I have a friend who has devoted spare time to doing a prison ministry. Amazing. Another who donated time raising money and fixing up Aryaloka, which used to be a sad building until came along. Another takes photos for the amazing work in India with the ex-Dalits. Another works to build a sangha in New York City. Another is making a retreat center for his sangha, and runs that sangha. Another learned to teach yoga so he could bring it back to the sangha. I know a few people who raise money for the Dalits in India--amazing work.

Giving in general is good, but giving the gift of the Dharma is seen as best. Spending a weekend with the poor is great, but a weekend leading a retreat is great because it deepens people's spiritual practice. I don't think work for others is diminished by saying working for the good for the Dharma is better. If you truly believe in the project of enlightenment, then helping others on the way is the best thing you can do. (OK, so maybe that's a bold statement that I can't justify right now.)

The spiritual life is a balance between going for your own spiritual development and trying to help others. It's no good just working on yourself. And it's no good just throwing yourself into others problems--that can lead to idiot compassion. Everyone has to find their own balance. Some people are better in the world. Some people need more alone time and alone work to build them up to be int he world. Everyone is different.

With children, I'm mostly devoted to my children and working for them, and working to help my patients. I'm a worldling, who often gets swept up in the tide of events, and yet I feel my life is infused with the Dharma. I see my life through the terms of the Dharma. I've not renounced the world yet. But I go on retreat to deepen my practice and I hope some day to turn more towards working for the good of the Dharma more directly.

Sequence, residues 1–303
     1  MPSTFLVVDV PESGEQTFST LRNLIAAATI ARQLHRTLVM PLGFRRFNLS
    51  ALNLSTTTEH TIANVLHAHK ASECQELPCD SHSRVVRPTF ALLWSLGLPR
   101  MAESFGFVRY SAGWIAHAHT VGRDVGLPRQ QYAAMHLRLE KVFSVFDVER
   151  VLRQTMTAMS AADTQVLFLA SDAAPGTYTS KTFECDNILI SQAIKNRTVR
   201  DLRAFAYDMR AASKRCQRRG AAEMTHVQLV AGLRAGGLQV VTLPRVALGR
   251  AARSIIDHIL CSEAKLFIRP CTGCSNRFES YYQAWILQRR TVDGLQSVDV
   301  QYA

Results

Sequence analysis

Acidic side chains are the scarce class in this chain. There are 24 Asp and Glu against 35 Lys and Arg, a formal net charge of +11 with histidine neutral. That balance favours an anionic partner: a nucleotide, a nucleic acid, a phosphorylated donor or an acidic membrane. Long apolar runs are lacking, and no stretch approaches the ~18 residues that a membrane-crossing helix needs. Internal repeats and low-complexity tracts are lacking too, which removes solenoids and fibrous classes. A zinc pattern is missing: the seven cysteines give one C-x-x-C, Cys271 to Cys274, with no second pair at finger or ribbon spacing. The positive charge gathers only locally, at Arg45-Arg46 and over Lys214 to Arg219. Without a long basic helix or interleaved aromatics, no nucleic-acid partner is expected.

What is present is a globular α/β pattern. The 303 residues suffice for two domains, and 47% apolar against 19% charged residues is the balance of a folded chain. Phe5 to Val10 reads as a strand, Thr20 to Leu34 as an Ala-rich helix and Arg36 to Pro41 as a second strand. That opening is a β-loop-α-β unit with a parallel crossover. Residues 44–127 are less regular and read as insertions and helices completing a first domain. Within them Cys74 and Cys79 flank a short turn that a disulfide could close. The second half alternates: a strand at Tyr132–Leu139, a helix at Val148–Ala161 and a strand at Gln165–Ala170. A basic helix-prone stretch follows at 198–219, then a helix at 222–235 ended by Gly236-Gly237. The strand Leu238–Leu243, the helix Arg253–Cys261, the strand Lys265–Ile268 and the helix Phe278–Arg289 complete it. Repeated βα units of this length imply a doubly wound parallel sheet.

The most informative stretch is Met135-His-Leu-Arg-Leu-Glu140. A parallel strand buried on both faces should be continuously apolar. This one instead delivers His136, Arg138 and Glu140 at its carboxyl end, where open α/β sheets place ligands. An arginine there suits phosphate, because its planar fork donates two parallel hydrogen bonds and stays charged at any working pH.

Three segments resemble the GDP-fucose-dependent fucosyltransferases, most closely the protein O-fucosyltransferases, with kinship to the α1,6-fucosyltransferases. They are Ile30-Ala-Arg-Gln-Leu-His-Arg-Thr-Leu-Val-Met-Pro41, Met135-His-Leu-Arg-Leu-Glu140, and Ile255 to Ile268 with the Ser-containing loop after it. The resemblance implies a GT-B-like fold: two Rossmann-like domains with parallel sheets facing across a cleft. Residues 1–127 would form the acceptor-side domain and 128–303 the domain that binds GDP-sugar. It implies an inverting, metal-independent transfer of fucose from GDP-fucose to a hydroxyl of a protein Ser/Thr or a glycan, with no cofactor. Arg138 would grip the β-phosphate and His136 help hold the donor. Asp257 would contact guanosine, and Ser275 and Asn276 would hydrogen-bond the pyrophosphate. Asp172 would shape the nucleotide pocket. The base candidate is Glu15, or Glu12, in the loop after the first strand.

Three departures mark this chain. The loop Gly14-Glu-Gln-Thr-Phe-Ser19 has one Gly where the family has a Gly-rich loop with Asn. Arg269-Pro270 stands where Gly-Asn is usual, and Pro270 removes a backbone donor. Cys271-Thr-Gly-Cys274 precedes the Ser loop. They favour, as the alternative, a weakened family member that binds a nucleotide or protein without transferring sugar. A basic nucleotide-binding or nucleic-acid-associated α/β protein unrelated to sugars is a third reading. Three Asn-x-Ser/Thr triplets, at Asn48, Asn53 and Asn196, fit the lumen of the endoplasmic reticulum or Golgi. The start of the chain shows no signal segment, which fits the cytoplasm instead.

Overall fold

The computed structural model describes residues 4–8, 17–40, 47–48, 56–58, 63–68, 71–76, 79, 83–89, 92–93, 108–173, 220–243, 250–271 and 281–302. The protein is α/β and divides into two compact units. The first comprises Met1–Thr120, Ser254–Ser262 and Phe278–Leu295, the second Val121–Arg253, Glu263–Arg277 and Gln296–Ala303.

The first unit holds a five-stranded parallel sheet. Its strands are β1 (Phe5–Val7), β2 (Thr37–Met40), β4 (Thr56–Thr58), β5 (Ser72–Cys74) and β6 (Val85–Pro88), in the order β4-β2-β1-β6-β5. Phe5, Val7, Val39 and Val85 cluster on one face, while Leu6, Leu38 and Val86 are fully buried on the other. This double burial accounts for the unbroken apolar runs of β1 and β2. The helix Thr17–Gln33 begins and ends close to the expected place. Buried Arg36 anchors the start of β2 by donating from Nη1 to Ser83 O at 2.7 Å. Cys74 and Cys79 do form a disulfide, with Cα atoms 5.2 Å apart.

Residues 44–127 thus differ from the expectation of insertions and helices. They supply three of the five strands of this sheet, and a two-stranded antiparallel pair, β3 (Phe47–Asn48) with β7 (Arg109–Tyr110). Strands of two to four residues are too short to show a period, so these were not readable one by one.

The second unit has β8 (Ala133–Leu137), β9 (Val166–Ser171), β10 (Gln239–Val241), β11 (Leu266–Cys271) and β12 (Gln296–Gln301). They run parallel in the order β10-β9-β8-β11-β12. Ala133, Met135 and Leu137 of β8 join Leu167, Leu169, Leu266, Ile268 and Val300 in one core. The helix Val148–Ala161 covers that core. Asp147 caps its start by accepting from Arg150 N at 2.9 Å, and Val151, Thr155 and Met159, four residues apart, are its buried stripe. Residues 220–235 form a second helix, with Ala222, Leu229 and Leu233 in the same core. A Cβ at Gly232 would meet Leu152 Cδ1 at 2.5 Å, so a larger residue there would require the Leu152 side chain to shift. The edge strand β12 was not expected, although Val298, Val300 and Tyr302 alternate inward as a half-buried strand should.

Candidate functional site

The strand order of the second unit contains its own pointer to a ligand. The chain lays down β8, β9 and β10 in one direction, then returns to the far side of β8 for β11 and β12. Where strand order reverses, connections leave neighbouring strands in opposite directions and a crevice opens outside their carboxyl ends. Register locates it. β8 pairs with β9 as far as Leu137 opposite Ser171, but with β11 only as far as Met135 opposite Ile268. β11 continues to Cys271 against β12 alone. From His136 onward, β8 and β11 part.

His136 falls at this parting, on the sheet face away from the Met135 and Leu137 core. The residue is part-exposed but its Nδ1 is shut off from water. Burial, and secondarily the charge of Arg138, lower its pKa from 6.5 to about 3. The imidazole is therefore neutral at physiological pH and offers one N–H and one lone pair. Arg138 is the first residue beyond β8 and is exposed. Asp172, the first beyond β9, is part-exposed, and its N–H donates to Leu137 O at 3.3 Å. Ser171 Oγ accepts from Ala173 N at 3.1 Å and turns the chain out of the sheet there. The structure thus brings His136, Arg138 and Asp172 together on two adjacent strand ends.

I find it courageous when someone comes through New York and they've quit their job and they're on a Dharma tour and they don't know what they're going to do when they get back. Amazing. I know a few people who have spent their life in the TBC movement. Amazing. I don't know if you literally have to go forth, like Sangharakshita did, and just have a few possessions, and wonder all over India, begging for his meals. Amazing stuff. But when I challenge the way I see the world, when I challenge myself to walk into scary grounds and challenge myself in other ways, I metaphorically go forth.

There's a great talk a friend gave, I hope they can get it up on FBA some day. Maybe I need to volunteer to go up there and get some talks off the hard drive. Sometimes you can see other's projects, things you wish others would do, but alas, what I do is the most important thing.

So Dana is one of the 6 perfections. I work to cultivate a generous spirit by meditation, noble friendships, reflection and appreciating the exemplification of my fine Dharma brothers and sisters.